Now is not the time for false virtue or moral absolutism. The working principle now has to be first threats first. And the first threat to American interests today is ISIS and its cohorts.
One doesn’t need to indulge in “moral absolutism” to be able to identify the serious flaws with what Gelb is proposing. Gelb wants the U.S. to team up with Syria and Iran to fight ISIS, but somehow thinks that the Syrian regime can be persuaded to behave less atrociously along the way. He says that “the first condition for cooperation must be [Assad's] agreement to respect humanitarian zones in rebel held areas linked to a mutual ceasefire,” but this is preposterous on its face. No one could trust the Syrian regime to honor such a commitment, and once the U.S. has linked itself to the regime it will be stuck with its new ally no matter what it does. On the one hand, Gelb is saying that we must make a deal with the “devils we know” and set aside our qualms about the atrocious behavior of these would-be allies that he wants us to have, but he also thinks that by seeking the aid of the “devils” that they will be somehow be encouraged to behave less devilishly. It’s abhorrent, and it’s also unworkable on its own terms.
Gelb didn’t make a persuasive argument months ago before the U.S. was bombing ISIS, and he fails to persuade once again. As I’ve pointed out before, it is far from certain that the U.S. would be able to “get the job done” if it struck such an awful bargain, so the U.S. would be agreeing to a horrendous alliance of convenience with no guarantee that the alliance would even be useful. Actively cooperating with the Syrian regime would not only be a shameful thing to do, but in all likelihood it would give ISIS and other jihadist groups endless fodder for propaganda and recruiting, it would significantly increase the jihadist threat to Americans overseas, and it would blow apart whatever semblance of international support the anti-ISIS campaign currently has.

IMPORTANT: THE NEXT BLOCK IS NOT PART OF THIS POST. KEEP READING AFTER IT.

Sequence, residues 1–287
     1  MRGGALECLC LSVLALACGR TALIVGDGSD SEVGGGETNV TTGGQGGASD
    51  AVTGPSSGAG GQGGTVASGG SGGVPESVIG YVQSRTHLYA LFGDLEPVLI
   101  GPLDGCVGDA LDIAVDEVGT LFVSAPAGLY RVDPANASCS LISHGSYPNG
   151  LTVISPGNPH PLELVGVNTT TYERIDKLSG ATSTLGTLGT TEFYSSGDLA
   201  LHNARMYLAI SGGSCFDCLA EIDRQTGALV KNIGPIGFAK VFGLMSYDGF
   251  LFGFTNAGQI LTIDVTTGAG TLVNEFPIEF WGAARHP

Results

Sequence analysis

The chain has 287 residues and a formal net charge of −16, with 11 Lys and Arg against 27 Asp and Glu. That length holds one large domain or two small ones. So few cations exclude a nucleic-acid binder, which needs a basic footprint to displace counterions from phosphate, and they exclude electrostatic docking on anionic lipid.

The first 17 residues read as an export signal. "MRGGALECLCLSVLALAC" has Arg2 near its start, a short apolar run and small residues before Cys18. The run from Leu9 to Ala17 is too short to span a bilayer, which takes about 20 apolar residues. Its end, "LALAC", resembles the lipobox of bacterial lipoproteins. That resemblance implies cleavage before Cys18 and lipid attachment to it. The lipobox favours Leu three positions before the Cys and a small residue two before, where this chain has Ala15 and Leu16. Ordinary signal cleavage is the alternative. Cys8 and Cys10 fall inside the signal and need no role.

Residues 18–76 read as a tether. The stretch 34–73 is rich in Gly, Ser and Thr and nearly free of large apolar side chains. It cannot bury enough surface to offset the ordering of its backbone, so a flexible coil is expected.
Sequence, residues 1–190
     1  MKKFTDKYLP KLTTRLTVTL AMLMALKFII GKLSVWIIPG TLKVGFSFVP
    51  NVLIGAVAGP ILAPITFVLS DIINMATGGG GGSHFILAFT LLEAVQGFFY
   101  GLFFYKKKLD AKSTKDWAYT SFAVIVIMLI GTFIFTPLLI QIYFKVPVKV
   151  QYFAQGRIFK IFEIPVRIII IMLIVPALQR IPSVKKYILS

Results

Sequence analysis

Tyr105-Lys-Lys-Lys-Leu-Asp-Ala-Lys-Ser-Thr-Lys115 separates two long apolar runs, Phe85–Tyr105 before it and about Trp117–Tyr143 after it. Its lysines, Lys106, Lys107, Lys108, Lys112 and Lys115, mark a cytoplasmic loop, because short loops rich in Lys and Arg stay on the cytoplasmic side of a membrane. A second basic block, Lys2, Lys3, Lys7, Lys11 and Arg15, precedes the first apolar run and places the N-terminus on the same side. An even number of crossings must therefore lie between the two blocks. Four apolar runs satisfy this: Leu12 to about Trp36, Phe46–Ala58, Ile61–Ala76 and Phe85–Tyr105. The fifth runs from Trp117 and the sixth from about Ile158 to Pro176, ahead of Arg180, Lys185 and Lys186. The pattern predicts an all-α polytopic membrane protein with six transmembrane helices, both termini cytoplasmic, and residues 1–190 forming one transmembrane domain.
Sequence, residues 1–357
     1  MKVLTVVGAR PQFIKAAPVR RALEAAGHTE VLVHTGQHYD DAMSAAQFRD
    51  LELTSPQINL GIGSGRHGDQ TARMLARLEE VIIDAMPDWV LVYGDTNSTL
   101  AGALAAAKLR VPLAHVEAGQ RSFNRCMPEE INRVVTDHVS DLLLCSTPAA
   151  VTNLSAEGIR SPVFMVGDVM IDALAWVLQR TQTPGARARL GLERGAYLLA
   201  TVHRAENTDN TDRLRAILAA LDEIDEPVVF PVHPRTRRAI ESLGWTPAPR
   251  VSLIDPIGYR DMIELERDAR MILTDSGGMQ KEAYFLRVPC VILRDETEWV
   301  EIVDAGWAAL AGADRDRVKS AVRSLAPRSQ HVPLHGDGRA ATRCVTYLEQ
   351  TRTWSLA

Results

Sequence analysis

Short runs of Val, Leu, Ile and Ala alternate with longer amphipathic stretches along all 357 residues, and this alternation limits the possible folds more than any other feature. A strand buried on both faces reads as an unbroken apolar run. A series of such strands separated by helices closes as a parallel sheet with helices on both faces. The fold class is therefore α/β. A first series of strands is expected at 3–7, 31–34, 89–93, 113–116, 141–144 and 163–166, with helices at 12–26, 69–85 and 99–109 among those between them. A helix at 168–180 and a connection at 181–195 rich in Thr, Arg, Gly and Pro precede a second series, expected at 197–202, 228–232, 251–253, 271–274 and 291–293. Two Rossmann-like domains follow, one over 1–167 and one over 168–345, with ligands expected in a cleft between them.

He notes that the U.S. has collaborated with ugly, brutal regimes in the past when it seemed necessary to do so, but this just reminds us how unnecessary the current campaign is for U.S. security. Supposing that Gelb is right that his is the “only way” to defeat ISIS, the price would be unacceptably high, and it would be yet another reason to stop the campaign now. As it is, I doubt that Gelb’s way would be any better at “getting the job done” than the current policy, and it seems likely to make the U.S. far more enemies in the process than we already have.
The secret casualties of Iraq’s chemical weapons. C.J. Chivers reports on the exposure of Americans and Iraqis to chemical agents and the ensuing efforts by the U.S. government to cover up what happened.
Uncle Sucker to the rescue. Stephen Walt catalogues the many mistakes that the U.S. is repeating in its newest war.
Why India doesn’t involve itself in the Near East. Shashank Joshi reviews the reasons why India doesn’t intervene in or try to mediate the region’s conflicts.
The varnish of Vietnam. Gordon Adams laments America’s habit of waging unwinnable wars.
The foolish search for “moderates.” Nikolas Gvosdev comments on the futility of searching for “moderate” proxies in foreign wars.
The danger of fighting both sides in Syria. John Allen Gay lists some of the harmful consequences that intervening against the Syrian government could have.
The legacy of the Gulf War. Robert Farley considers some of the effects of the 1991 Desert Storm campaign.
Why the bombing campaign in Syria isn’t working well. Paul Pillar presents some of the reasons why the campaign against ISIS is having such limited effect.
A nuclear deal with Iran won’t change very much. Kevin Sullivan explains why even a successful negotiated agreement with Iran on the nuclear issue isn’t going to change the politics of the region.
Stephen Walt sees the U.S. repeating past mistakes in its war on ISIS. The first mistake he identifies is the tendency to exaggerate foreign threats:
Why is threat inflation a problem? When we exaggerate dangers in order to sell a military [action], we are more likely to do the wrong thing instead of taking the time to figure out if a) action is really necessary and b) what the best course of action might be.